Table 3 shows that health care financing would be progressive for all scenarios at the end of the 15-year modelling period. The most progressive system would be the universal coverage system (Kakwani index ¼ 0.09 for the scenario with a proportional surcharge on taxable income or 0.10 for that with a progressive surcharge), but not if VAT were used to fund the shortfall from general tax revenue (Kakwani index ¼ 0.04). The extended private schemes option would be the least progressive (Kakwani index ¼ 0.03). The progressivity of the status quo option is driven largely by the progressivity of private insurance contributions (Kakwani index ¼ 0.12) and its share (almost 60%) in total health financing. Across all scenarios, the progressivity of general taxes remained the same, as shown in Table 3. However, given that the health sector would receive different allocations from general taxes in the different scenarios, the share of household consumption expenditure attributed to general taxes that are allocated to health care would vary (see Figure 3). The burden of general taxes is highest for the universal coverage option but lowest for the extended private schemes option. In relation to the surcharge on taxable income, as shown in Figure 3 and in Table 3, and as expected, the proportional rates resulted in a less progressive funding (Kakwani index ¼ 0.115) compared with the progressively structured rates (Kakwani index ¼0.198). Also as expected, an increase in VAT would be very regressive and would make overall funding for health care less progressive than the status quo. Private insurance scheme contributions become less progressive the greater the percentage of the population covered by these schemes. They are least progressive under the extended schemes scenario (Kakwani index ¼ 0.033) and most progressive under the universal coverage scenario (Kakwani index ¼ 0.198). Private insurance contributions would impose a higher burden on households under both the extended private schemes and the status quo options (see Figure 3), and would be relatively small under the universal coverage option.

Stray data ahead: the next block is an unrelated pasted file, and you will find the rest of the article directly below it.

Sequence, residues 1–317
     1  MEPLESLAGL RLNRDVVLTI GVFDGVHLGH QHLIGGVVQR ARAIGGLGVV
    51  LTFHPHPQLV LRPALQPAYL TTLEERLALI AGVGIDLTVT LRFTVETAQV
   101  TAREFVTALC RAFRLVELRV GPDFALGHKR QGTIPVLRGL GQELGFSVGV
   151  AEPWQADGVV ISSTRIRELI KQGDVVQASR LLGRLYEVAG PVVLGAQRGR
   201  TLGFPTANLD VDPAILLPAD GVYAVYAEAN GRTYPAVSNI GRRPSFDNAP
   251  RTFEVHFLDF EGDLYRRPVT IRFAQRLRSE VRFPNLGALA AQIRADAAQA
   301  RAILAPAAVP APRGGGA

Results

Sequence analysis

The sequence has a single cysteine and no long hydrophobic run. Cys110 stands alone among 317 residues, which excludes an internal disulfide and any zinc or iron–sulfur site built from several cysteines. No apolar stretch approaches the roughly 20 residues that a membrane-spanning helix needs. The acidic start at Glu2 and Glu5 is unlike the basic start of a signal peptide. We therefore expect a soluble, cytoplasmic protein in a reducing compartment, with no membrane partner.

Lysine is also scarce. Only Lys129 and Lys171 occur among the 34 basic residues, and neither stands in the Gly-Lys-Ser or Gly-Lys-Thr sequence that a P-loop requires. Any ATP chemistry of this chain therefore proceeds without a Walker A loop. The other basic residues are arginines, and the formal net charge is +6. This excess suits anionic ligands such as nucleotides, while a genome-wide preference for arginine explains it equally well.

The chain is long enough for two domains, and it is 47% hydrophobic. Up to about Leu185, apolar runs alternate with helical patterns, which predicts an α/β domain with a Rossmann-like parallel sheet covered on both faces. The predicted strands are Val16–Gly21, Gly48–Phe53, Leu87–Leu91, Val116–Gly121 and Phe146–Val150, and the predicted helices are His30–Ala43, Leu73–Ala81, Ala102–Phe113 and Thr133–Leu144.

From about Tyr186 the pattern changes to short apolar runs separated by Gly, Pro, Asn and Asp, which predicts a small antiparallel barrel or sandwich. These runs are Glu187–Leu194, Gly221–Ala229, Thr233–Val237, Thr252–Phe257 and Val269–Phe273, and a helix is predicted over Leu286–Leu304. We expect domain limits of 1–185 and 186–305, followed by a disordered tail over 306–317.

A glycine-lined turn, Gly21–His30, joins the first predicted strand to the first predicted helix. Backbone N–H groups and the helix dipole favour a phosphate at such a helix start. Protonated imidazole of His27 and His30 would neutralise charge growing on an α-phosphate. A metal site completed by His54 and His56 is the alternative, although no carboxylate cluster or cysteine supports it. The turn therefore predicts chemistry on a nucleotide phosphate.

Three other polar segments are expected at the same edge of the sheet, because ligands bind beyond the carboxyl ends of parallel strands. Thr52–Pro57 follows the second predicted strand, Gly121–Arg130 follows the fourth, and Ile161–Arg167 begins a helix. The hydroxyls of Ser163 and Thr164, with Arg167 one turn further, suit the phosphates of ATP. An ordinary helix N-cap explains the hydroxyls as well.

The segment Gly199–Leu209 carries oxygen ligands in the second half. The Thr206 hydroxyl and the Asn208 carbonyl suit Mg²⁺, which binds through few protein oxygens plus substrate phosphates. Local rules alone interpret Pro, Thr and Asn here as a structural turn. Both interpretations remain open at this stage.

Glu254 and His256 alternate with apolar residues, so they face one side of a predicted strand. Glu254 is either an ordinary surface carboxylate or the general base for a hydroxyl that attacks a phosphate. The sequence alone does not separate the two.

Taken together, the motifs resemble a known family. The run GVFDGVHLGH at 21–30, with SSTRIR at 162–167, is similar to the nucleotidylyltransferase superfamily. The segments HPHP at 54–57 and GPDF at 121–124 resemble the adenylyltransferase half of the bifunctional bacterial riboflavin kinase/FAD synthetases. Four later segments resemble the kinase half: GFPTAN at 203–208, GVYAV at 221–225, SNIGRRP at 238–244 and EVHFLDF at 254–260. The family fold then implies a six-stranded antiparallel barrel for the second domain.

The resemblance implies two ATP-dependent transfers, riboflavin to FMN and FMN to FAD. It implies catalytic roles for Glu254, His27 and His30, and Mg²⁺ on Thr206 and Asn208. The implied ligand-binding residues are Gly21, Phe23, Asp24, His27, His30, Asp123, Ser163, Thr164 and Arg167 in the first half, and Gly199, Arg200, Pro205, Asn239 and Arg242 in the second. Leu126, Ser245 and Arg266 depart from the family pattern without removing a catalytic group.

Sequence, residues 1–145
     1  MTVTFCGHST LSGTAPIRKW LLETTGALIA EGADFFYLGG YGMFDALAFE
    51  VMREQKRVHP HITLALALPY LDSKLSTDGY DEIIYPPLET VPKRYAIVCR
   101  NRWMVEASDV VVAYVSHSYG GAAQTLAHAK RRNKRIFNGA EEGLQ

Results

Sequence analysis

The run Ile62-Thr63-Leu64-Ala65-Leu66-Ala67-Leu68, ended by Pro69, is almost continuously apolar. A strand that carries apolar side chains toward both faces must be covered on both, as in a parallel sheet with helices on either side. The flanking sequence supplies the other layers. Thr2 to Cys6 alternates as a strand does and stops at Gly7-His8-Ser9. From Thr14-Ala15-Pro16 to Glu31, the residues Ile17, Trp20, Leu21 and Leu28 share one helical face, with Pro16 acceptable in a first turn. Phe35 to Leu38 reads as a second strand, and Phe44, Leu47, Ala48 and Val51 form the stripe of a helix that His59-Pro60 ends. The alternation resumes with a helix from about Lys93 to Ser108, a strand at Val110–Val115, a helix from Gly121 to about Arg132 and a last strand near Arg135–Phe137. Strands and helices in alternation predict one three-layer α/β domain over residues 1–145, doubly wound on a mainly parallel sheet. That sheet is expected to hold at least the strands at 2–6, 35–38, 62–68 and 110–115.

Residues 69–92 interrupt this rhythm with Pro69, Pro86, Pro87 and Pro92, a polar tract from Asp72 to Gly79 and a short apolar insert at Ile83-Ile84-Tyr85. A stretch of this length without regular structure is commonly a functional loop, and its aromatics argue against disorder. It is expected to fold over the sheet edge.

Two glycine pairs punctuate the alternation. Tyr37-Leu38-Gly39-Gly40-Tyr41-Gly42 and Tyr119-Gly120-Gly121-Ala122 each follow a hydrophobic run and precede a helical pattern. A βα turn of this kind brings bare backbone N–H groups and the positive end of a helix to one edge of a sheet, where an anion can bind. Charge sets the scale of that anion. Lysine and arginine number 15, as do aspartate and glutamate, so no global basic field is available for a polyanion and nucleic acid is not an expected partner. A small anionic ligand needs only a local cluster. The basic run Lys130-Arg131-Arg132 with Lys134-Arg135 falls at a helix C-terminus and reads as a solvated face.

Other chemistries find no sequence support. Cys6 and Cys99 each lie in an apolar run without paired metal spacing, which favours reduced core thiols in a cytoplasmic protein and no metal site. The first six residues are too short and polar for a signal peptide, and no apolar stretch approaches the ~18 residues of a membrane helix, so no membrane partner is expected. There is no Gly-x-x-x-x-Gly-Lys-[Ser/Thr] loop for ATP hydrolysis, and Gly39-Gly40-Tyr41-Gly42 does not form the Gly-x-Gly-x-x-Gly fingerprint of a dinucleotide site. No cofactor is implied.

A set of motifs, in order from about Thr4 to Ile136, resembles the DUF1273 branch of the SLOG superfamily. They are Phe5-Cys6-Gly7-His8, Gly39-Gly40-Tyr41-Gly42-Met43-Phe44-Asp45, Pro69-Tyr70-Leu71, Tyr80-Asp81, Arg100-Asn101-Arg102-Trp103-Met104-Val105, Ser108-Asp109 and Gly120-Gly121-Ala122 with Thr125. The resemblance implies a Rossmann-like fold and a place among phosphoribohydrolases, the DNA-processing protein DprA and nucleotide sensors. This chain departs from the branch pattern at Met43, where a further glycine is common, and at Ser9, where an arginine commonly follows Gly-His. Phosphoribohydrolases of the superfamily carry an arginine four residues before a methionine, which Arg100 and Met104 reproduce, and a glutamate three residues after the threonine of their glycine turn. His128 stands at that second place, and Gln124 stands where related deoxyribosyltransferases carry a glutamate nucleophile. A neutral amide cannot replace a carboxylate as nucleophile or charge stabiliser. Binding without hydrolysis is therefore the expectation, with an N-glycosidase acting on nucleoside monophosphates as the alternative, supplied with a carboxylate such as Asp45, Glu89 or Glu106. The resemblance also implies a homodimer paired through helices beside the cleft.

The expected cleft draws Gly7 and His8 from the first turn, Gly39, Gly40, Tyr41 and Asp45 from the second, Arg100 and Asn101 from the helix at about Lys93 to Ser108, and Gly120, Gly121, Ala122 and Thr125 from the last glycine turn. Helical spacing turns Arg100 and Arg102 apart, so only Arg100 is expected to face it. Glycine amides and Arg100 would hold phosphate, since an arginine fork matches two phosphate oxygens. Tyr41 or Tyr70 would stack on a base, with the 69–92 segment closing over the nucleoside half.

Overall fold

Figure 4 Concentration curves showing the distribution of public health care benefits
Impact on benefit incidence
Figure 4 and Table 4 indicate that by the end of the 15-year modelling period, the distribution of benefits from public sector health care would be pro-poor and statistically significant under all three scenarios. This is because the concentration curves lie above the 45-degree line. The extended private schemes option would be the most pro-poor (concentration index ¼ À0.224) and the universal coverage option the least pro-poor (concentration index ¼ À0.099). The distribution of private health care benefits would be pro-rich and was statistically significant for all three scenarios. As shown in Figure 5 and Table 4, the most pro-rich distribution would be the universal coverage option (concentration index ¼ 0.827) while the least pro-rich distribution would be the extended private schemes option (concentration index ¼ 0.699). Combining public and private benefits together as shown in Figure 6, the distribution of total health care benefits would be pro-rich for all scenarios, but less so for the universal coverage option. The concentration curve for the universal coverage option is close to the line of equality (Figure 6). The concentration indices contained in Table 4 also show that the most pro-rich distribution of total benefits would be associated with the status quo scenario (0.208) and the least pro-rich would be the universal coverage scenario (0.051). The distributions of both inpatient and outpatient benefits are also presented in Table 4. Outpatient benefits would generally be pro-rich but the universal coverage option shows the least pro-rich distribution (concentration index ¼ 0.051). Benefits from inpatient care would be slightly pro-rich for both the status quo (concentration index ¼ 0.06) and universal coverage (concentration index ¼ 0.08) options but slightly pro-poor (concentration index ¼0.034) for the extended schemes option. However, this was not statistically different from zero.